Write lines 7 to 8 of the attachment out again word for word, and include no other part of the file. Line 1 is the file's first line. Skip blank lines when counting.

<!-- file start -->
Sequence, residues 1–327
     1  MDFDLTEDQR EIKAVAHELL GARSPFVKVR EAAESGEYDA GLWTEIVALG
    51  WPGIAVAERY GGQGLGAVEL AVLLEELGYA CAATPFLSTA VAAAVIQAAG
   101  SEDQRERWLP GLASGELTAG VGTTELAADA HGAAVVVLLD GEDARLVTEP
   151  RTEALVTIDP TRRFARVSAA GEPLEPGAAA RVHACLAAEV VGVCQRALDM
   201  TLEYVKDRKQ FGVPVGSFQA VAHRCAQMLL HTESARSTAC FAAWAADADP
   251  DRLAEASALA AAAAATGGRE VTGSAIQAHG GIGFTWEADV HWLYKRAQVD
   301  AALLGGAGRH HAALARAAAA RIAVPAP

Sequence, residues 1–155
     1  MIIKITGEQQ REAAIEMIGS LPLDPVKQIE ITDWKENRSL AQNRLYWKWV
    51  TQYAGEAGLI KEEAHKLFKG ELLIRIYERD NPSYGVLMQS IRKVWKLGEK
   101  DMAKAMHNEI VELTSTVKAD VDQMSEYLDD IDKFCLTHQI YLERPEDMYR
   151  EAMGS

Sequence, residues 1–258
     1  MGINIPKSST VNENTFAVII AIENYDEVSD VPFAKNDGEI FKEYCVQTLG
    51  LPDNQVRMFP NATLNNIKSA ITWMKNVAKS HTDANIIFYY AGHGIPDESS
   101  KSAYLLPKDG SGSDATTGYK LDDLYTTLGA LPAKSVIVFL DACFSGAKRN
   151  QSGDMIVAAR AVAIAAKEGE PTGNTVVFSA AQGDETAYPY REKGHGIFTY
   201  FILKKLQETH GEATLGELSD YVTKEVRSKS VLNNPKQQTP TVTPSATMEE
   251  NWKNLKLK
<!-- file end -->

   251  DRLAEASALA AAAAATGGRE VTGSAIQAHG GIGFTWEADV HWLYKRAQVD
   301  AALLGGAGRH HAALARAAAA RIAVPAP